Canon M10 APS-C 17.9 5184 34561080/30p22.211.475365
2.
 
Nikon D50 APS-C 6.0 3008 2000none20.910.856055
3.
 
Canon M100 APS-C 24.0 6000 40001080/60p23.512.9127278
4.
 
Canon T6 APS-C 17.9 5184 34561080/30p........
5.
 
Canon G9 X 1-inch 20.0 5472 36481080/60p21.512.349563
6.
 
Canon M3 APS-C 24.0 6000 40001080/30p22.811.8116972
7.
 
Canon G7 X 1-inch 20.0 5472 36481080/60p23.012.755671
8.
 
Canon T5 APS-C 17.9 5184 34561080/30p21.911.372463
9.
 
Canon SL1 APS-C 17.9 5184 34561080/30p21.811.384363
10.
 
Canon M APS-C 17.9 5184 34561080/30p22.111.282765
11.
 
Canon T3i APS-C 17.9 5184 34561080/30p22.111.579365
12.
 
Nikon D60 APS-C 10.0 3872 2592none22.511.456265
13.
 
Nikon D40 APS-C 6.0 3008 2000none21.011.056156
14.
 
Nikon D80 APS-C 10.0 3872 2592none22.111.252461
15.
 
Nikon D70s APS-C 6.0 3008 2000none20.410.352950
16.
 
Nikon D70 APS-C 6.0 3008 2000none20.410.352950
17.
 
Sony A5000 APS-C 19.8 5456 36321080/60i23.813.0108979

Many modern cameras are not only capable of taking still images, but can also record movies. The M10 indeed provides movie recording capabilities, while the D50 does not. The highest resolution format that the M10 can use is 1080/30p.

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Feature comparison

Apart from body and sensor, cameras can and do differ across a variety of features. For example, the D50 has an optical viewfinder, which can be very useful when shooting in bright sunlight. In contrast, the M10 relies on live view and the rear LCD for framing. The following table reports on some other key feature differences and similarities of the Canon M10, the Nikon D50, and comparable cameras.

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Core Features
    Camera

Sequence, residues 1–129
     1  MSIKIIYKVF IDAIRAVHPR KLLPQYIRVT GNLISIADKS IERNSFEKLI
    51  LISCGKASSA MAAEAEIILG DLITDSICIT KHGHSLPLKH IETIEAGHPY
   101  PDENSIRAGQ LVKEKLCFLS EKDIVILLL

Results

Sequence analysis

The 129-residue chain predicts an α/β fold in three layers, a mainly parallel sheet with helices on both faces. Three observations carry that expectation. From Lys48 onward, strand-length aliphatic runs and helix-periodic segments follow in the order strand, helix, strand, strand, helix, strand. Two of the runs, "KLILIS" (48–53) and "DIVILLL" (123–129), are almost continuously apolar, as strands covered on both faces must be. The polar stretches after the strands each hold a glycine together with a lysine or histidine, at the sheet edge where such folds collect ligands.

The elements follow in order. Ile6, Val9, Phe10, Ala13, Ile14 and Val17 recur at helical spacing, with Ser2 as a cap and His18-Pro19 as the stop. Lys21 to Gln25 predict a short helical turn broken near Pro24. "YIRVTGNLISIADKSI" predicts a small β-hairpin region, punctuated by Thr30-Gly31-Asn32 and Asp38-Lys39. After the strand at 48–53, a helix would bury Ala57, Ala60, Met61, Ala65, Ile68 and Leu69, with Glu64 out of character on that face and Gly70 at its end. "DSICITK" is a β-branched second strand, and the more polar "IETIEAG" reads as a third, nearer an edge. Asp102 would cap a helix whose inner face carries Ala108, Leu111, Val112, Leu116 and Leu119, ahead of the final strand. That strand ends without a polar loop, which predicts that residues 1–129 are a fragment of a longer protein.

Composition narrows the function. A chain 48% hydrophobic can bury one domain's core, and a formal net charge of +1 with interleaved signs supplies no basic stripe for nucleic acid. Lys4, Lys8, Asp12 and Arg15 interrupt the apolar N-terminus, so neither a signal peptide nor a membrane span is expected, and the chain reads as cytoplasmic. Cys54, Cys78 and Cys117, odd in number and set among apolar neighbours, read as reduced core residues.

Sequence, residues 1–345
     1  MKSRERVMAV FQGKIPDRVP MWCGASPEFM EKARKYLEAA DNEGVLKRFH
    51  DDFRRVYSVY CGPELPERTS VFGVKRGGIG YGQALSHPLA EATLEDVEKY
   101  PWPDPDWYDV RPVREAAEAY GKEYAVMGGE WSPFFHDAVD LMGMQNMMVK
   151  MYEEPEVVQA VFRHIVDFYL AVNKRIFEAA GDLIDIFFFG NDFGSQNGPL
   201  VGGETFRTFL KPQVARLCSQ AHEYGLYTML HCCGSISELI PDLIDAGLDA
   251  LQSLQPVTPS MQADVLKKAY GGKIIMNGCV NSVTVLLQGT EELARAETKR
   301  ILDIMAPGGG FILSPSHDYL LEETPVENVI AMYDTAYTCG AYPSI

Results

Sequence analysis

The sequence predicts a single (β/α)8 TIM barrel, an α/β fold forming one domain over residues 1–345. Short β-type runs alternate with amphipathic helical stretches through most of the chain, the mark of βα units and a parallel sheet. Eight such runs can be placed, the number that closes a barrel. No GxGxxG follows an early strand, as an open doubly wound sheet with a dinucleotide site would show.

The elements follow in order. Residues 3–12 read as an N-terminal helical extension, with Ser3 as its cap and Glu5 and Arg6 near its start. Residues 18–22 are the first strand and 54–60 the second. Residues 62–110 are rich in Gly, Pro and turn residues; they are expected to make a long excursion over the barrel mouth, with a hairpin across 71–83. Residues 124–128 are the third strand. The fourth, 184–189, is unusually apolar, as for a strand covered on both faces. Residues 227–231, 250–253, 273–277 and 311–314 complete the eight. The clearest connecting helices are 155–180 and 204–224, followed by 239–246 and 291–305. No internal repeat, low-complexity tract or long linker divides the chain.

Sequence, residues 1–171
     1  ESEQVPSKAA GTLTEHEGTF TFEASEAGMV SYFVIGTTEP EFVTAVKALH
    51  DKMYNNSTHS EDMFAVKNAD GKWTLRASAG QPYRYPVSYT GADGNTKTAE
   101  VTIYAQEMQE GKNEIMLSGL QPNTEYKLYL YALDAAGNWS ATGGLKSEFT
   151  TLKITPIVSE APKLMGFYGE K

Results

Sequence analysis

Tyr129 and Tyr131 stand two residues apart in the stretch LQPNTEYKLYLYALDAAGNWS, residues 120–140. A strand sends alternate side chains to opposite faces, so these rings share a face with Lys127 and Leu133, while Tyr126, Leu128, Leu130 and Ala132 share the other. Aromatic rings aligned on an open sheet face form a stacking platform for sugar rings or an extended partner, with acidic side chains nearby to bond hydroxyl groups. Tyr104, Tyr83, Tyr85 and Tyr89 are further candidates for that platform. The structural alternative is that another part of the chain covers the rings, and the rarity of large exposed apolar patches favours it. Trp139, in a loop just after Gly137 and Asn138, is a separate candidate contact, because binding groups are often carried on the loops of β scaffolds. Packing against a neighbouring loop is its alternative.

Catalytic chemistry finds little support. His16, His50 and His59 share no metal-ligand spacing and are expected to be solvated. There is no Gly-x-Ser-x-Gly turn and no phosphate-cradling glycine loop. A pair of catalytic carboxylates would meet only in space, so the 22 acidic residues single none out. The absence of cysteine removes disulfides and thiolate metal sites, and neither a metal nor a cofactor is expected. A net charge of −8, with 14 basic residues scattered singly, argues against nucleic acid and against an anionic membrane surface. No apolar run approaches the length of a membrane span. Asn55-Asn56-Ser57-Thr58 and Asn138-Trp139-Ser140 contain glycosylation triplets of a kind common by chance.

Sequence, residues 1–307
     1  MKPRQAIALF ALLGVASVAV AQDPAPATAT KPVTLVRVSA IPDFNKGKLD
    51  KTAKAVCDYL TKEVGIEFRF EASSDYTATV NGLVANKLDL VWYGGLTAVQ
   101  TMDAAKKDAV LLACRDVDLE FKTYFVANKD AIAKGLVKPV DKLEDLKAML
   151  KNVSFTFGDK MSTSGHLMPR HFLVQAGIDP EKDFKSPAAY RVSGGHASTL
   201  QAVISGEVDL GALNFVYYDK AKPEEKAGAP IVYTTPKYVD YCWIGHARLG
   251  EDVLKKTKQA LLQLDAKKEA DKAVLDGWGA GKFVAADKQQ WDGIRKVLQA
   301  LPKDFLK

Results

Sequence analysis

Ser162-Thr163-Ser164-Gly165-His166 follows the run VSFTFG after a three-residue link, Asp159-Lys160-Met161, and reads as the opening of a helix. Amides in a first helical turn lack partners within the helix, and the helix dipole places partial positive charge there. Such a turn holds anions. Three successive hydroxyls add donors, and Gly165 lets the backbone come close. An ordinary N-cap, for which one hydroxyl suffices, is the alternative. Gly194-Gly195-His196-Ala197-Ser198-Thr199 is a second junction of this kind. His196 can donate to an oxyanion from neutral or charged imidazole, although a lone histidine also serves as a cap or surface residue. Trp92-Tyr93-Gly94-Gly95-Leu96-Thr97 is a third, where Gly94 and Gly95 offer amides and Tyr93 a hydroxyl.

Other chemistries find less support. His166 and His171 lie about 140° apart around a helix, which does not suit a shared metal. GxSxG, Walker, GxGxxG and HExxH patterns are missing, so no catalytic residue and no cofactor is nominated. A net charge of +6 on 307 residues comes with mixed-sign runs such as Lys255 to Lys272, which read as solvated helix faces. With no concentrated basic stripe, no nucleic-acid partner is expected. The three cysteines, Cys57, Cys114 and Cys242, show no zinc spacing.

Model
Viewfinder
(Type or
000 dots)
Control
Panel
(yes/no)
LCD
Size
(inch)
LCD
Resolution
(000 dots)
LCD
Attach-
ment
Touch
Screen
(yes/no)
Mech
Shutter
Speed
Shutter
Flaps
(1/sec)
Built-in
Flash
(yes/no)
Built-in
Image
Stab
1.
 
Canon M10none n 3.0 1040 tilting Y 1/4000s 4.6 Y n
2.
 
Nikon D50optical n 2.0 130 fixed n 1/4000s 2.5 Y n
3.
 
Canon M100none n 3.0 1040 tilting Y 1/4000s 6.1 Y n
4.
 
Canon T6optical n 3.0 920 fixed n 1/4000s 3.0 Y n
5.
 
Canon G9 Xnone n 3.0 1040 fixed Y 1/2000s 6.0 Y Y
6.
 
Canon M3optional n 3.0 1040 tilting Y 1/4000s 4.2 Y n
7.
 
Canon G7 Xnone n 3.0 1040 tilting Y 1/2000s 6.5 Y Y
8.
 
Canon T5optical n 3.0 460 fixed n 1/4000s 3.0 Y n
9.
 
Canon SL1optical n 3.0 1040 fixed Y 1/4000s 4.9 Y n
10.
 
Canon Mnone n 3.0 1040 fixed Y 1/4000s 4.3 n n
11.
 
Canon T3ioptical n 3.0 1040 swivel n 1/4000s 3.7 Y n
12.
 
Nikon D60optical n 2.5 230 fixed n 1/4000s 3.0 Y n
13.
 
Nikon D40optical n 2.5 230 fixed n 1/4000s 2.5 Y n
14.
 
Nikon D80optical n 2.5 230 fixed n 1/4000s 3.0 Y n
15.
 
Nikon D70soptical n 2.0 130 fixed n 1/8000s 3.0 Y n
16.
 
Nikon D70optical n 1.8 130 fixed n 1/8000s 3.0 Y n
17.
 
Sony A5000none n 3.0 461 tilting n 1/4000s 3.5 Y n